Four former leaders of the Armed Forces have warned that Britain’s inaction towards crises in Iraq, Syria and Russia is akin to the appeasement of the Nazis in the Second World War.
Admiral Sir Nigel Essenhigh, writing in The Telegraph on behalf of Admiral Lord Boyce, Field Marshal Lord Walker and Air Chief Marshal Sir Peter Squire, said that defence budget cuts have led to “feeble” responses to events in the Middle East and that further cuts will make the UK seem weak to potential enemies.
Sir Nigel, a former First Sea Lord, said that the current lack of public appetite for military intervention abroad has acted as a “cover for our recent, feeble responses to events in the Middle East such as in Libya, Syria and once again in Iraq, as well as in the face of the exponential threat posed by Islamic State.”
There are “uncomfortable similarities” between Britain’s unwillingness to arm itself today and in the build-up to the Second World War when its “blind faith in collective security” led to an “unwillingness to grasp the nettle of rearmament, at least until it was nearly too late”, the former commanders said. Now the UK “rightly” relies on collective security through the UN and Nato, “but, as then, does so while steadily weakening its own defence posture.”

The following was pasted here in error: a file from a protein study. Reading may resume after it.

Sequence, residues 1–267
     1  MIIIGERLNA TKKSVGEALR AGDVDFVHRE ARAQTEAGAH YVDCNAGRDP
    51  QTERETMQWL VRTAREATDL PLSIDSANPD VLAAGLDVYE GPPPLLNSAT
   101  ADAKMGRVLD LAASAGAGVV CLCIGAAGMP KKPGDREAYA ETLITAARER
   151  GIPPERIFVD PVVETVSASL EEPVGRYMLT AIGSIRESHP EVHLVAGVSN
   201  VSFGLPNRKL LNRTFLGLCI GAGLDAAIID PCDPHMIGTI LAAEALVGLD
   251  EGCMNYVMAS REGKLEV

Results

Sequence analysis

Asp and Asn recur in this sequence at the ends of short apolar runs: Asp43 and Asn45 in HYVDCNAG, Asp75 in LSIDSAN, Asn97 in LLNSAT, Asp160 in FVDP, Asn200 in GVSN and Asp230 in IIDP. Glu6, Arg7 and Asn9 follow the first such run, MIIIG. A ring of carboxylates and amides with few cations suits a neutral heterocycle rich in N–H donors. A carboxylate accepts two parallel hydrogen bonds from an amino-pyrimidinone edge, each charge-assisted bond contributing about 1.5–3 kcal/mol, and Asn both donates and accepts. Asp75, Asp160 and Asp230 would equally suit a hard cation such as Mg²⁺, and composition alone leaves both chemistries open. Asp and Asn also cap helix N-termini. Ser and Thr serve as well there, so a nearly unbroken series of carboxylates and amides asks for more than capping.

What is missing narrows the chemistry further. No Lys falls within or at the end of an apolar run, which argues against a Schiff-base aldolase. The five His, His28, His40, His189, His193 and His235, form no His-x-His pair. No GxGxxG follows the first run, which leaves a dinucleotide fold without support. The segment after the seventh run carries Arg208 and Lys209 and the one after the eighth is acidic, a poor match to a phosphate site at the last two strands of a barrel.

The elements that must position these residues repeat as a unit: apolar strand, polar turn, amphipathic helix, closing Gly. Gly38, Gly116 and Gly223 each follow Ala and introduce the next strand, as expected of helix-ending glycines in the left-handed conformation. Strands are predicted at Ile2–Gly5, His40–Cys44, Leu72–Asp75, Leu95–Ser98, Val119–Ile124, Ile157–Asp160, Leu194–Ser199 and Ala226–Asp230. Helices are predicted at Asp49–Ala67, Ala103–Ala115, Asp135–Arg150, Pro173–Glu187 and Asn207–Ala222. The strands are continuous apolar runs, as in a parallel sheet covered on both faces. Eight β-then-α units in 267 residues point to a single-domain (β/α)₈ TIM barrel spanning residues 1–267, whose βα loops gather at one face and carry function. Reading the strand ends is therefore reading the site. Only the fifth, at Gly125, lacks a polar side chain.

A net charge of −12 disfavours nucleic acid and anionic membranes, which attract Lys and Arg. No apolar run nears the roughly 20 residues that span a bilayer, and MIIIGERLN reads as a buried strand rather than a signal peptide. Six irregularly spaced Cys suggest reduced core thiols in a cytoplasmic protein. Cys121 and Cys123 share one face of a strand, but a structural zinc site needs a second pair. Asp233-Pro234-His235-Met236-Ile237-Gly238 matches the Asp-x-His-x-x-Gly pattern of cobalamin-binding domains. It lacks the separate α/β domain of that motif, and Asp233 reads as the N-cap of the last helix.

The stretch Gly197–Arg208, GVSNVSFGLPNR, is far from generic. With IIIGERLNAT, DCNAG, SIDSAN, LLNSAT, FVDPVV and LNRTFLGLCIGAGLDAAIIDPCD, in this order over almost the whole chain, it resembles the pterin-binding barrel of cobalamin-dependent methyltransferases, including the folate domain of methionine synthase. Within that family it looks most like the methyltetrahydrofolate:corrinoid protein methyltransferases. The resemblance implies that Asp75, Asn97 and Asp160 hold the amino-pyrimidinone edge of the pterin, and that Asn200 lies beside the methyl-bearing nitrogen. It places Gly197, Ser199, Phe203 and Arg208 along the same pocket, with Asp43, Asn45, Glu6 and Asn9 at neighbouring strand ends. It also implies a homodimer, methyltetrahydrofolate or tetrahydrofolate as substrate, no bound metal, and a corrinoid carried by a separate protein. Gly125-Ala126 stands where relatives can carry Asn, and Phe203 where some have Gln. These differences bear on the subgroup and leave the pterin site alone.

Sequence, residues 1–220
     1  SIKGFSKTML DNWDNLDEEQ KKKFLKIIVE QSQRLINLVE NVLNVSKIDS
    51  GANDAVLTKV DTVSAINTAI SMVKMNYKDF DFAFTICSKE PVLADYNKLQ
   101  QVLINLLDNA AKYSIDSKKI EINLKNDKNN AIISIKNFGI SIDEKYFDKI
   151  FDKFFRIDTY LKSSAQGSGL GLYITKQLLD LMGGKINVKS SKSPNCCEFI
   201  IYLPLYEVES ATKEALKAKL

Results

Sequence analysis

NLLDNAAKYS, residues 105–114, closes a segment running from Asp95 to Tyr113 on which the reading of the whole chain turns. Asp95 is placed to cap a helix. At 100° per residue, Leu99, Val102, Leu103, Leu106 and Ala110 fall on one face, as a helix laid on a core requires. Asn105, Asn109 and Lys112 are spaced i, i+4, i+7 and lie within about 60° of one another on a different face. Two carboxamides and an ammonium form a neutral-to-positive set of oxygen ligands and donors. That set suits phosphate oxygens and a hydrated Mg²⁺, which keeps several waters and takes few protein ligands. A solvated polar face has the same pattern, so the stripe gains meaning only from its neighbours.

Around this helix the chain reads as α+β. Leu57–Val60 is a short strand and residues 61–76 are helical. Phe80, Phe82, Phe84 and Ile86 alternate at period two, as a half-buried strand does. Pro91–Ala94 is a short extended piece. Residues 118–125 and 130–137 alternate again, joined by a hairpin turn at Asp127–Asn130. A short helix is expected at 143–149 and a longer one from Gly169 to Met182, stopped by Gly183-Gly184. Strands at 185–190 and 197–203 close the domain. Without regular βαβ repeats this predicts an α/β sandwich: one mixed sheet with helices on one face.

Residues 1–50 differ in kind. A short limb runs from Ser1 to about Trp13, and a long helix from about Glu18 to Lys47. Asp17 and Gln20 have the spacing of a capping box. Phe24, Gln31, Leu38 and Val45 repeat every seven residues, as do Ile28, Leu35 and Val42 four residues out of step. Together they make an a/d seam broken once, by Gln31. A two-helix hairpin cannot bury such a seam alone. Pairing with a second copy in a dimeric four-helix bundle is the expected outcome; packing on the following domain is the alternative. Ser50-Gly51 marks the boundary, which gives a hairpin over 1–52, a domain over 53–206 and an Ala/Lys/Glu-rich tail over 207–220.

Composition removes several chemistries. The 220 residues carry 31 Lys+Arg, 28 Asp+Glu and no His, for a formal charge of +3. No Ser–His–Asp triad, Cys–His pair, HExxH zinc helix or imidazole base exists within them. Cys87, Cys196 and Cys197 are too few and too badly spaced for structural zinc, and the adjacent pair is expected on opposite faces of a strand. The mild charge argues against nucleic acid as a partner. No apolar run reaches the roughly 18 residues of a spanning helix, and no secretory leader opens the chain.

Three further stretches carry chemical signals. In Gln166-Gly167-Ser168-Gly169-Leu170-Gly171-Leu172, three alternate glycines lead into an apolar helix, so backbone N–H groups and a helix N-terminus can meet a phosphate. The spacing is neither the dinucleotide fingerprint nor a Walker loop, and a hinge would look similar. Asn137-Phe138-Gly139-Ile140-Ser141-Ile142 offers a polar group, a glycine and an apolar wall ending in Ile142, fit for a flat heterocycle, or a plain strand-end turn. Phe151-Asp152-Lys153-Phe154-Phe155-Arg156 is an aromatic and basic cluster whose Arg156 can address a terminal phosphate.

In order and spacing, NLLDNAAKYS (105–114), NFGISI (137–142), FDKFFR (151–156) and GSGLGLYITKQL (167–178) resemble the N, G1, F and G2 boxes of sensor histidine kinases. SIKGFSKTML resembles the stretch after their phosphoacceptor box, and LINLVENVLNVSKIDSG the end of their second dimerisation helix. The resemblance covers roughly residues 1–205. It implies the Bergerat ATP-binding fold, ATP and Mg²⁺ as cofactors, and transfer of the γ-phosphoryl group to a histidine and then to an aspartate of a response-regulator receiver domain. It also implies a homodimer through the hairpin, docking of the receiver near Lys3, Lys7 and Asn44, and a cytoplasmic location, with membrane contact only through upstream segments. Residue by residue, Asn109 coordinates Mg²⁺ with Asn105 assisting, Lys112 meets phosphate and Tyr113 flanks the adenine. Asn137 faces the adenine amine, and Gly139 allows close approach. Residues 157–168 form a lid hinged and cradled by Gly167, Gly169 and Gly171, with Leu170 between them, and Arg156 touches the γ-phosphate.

The former leaders said that military cuts from the last five years have seriously harmed Britain alliance with the US, damaged its credibility of nuclear deterrence and put it in a weak position to face the possible threat of “a resurgent Russia”.
The 2010 defence review resulted in budgetary cuts across the Armed Forces and saw the Army cut from 102,000 to 82,000 personnel. Defence chiefs fear that the next review which is currently underway will bring similar results.
George Osborne, has already announced that the Ministry of Defence will have to reduce its budget by another £500 million this year. According to the former commanders, further reductions will cause the Government to neglect the defence of the nation.Reuse content